A few days ago, I found myself reassuring an author on Twitter. The author had shown someone their final novel draft, which they’d gone through countless times, and the reader found a number of mistakes in just the first ten pages.
This isn’t in the least unusual. And although there’s currently a rash of books and blog posts on how to self-edit, the reality is that you’re not — unless you’re already a seasoned pro, and even then — going to catch the majority of issues with your own work. It’s impossible.
I’m not talking about typos here, or even commonly confused words (discreet for discrete, effect for affect, etc.), missing quotation marks, and the like, all of which will slip past spellcheck and most authors’ revision passes. No, the dangers lie in far more significant errors such as plot holes, continuity glitches, confusing passages of insufficiently-tagged dialogue, impossible actions, viewpoint slips, mangled syntax, and so much more. (More here on what good copyeditors look for and how they go about it.)
The two main reasons self-editing doesn’t really work are that the author is so familiar with their own manuscript they can’t read it slowly enough, and (worse) they understand their own creation so well that they’re not going to see the holes and missing links that will prevent the reader from fully understanding or following it.
Looking back over dozens of manuscripts I’ve copyedited in the last several years, I find the following rough metrics emerging (based on 80,000-100,000-word novels):
|WRITING LEVEL||Mistakes/corrections (average)||Comments, editorial (average)|
Sobering numbers? They should be.
Now, bear in mind that the mistakes/corrections listed in my table above will include a large number (up to 50%?) of quite minor issues, such as punctuation, paragraphing, indents, etc. Still, punctuation errors can change the meaning of a sentence; and although most readers are somewhat forgiving if the story is engaging, if the text has repeated errors, they’ll likely ding the author in a review, or put the book aside for good. With between one and three thousand new books published every day in the US alone (yes, you read that right) and millions of books for sale on Amazon alone, the competition for the reader’s time and money is beyond ferocious. And although good editing/copyediting doesn’t come cheap,** the author who publishes a book without having a professional go over it is taking a big risk.
As for the editorial comments column in the table above, those usually constitute actionable items or issues – plot holes, say, or something not believable, or worse — serious enough to require flagging for the author. Things that need fixing, or at least consideration.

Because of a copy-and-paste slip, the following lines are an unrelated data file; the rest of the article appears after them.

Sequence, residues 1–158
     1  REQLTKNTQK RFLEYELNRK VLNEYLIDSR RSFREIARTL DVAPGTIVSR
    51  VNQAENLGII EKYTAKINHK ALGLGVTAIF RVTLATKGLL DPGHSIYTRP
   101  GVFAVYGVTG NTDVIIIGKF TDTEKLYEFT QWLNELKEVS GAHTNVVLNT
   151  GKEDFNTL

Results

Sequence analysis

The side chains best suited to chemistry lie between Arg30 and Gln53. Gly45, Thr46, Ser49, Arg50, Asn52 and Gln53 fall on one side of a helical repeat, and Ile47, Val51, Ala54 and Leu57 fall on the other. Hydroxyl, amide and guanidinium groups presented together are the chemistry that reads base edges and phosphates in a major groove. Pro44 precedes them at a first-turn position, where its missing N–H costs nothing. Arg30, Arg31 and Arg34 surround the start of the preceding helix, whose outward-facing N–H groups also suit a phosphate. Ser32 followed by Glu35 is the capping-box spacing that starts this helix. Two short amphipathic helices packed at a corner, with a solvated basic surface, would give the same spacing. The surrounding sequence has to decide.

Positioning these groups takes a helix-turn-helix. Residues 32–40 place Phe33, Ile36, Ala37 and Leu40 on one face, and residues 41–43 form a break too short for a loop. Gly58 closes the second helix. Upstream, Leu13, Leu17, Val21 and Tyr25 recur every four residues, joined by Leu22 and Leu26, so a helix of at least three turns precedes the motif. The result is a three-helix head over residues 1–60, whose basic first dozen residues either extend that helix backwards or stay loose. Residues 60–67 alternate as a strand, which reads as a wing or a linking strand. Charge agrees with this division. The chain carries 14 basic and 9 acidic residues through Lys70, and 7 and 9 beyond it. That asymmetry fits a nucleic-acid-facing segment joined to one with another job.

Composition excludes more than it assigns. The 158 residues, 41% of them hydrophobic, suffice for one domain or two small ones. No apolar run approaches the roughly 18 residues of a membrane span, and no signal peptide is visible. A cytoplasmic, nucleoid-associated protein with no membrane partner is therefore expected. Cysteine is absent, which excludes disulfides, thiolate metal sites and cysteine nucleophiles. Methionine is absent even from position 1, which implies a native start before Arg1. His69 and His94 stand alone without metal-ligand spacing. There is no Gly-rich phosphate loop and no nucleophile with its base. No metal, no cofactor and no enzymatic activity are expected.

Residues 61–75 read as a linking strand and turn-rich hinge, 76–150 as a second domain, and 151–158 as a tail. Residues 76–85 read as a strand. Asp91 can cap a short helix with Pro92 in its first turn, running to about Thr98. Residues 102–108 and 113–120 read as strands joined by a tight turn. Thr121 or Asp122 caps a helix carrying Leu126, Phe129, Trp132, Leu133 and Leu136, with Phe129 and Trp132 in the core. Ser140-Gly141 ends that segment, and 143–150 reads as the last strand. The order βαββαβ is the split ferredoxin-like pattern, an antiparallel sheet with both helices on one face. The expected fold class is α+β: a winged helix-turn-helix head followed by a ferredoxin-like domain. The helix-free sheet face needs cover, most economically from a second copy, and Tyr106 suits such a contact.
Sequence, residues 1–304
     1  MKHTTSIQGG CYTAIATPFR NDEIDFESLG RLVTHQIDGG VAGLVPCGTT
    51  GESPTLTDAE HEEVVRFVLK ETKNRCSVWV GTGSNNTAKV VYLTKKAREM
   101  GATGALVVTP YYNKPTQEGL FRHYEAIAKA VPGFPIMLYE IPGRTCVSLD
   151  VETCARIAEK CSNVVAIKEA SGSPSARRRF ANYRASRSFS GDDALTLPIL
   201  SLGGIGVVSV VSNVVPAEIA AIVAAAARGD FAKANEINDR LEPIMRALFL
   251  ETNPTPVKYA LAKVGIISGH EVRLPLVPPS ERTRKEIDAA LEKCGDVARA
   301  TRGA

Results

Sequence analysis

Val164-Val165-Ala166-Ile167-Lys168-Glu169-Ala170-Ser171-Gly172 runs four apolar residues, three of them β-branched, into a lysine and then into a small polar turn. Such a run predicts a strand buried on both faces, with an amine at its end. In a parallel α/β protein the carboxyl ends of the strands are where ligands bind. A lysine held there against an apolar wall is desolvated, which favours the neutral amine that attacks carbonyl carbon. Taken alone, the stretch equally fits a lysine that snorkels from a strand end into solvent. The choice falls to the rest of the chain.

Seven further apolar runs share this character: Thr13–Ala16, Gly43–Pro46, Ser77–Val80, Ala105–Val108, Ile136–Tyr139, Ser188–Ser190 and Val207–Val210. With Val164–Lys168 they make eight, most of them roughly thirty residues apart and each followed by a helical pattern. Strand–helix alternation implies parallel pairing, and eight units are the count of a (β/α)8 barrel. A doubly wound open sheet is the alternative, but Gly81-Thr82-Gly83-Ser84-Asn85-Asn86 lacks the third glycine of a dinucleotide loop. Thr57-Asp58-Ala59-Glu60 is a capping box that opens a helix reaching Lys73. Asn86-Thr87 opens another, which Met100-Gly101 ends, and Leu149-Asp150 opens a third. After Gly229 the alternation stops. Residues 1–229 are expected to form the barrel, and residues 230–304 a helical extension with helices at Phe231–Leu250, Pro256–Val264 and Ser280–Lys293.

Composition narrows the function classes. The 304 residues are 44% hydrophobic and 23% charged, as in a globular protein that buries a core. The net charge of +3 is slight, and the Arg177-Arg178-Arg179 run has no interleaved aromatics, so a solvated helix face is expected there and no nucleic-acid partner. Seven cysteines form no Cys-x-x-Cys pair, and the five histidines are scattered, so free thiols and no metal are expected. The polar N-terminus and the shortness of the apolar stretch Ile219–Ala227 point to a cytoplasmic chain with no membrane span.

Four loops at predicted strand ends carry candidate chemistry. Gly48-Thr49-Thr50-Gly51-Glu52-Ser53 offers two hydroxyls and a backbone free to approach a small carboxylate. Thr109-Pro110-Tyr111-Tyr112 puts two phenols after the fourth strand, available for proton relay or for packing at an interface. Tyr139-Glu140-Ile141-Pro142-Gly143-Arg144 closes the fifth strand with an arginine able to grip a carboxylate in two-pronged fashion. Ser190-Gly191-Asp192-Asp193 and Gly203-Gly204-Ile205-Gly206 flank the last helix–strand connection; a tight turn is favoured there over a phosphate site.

Some authors may also be a little wary of copyeditors, because they see the process as inherently adversarial (“red pencil syndrome”), or because they’re concerned about having their style altered. These aren’t unreasonable concerns: as an author myself, one of my guiding principles is to respect the author’s style and intention and make every effort to hew as close to their original text as possible when making corrections or suggesting changes.
Perfect examples of this are sentence fragments and even comma splices: while most copyeditors will unhesitatingly treat each instance as a transgression, I try to determine if they’re intentional stylistic choices; if there’s no significant grammatical issue, the author gets the benefit of the doubt. And many authors have thanked me for respecting their style choices.
Secondly, I try (if it’s not an obvious case) to give the author an insight into the reasoning behind my strikeouts and, at the risk of seeming overly didactic, to supply any applicable rule behind errors I see repeated, in the hope this may help the author in future.
It’s true that good beta readers, if you’re fortunate to have some, will catch quite a few things. But even the best readers aren’t going to spend twenty minutes recasting an awkward paragraph (it’s very rare to find a manuscript that doesn’t have many), check your facts, scrutinize capitalization use, address incorrect punctuation, monitor for consistency, and so on. It’s unlikely they know their style manuals inside out, or have the broad array of general knowledge a good copyeditor should. Given they’re doing this as a favour to the author, they’re unlikely to give a ms. the close and careful scrutiny and the time a copyeditor will.
Finally, copyediting is not critique. If your betas are writers, there’s also a good chance some of them may have their own ideas of how your story should go, and that’s not always a good thing. Copyediting is a necessary and valuable step in preparing a manuscript for publication, and an investment in both the current work and the author’s career, whether they’re indie publishing or going the traditional route.
*The very cleanest manuscript I ever saw was from a longtime professional who’d written dozens of novels and short stories. In the whole 80k words, I only made thirty corrections and eight comments. One of these, however, was a doozy: at the pinnacle of the climax, the hero gets the chance to draw his pistol, saving the day. Unfortunately, he already had both hands full, a catch for which my client was very grateful indeed.
**Copyediting an average length novel takes anywhere from thirty to forty hours and up, depending on how much work is required. It’s intense, high-focus, and highly skilled work, and a good copyeditor is worth every penny they charge.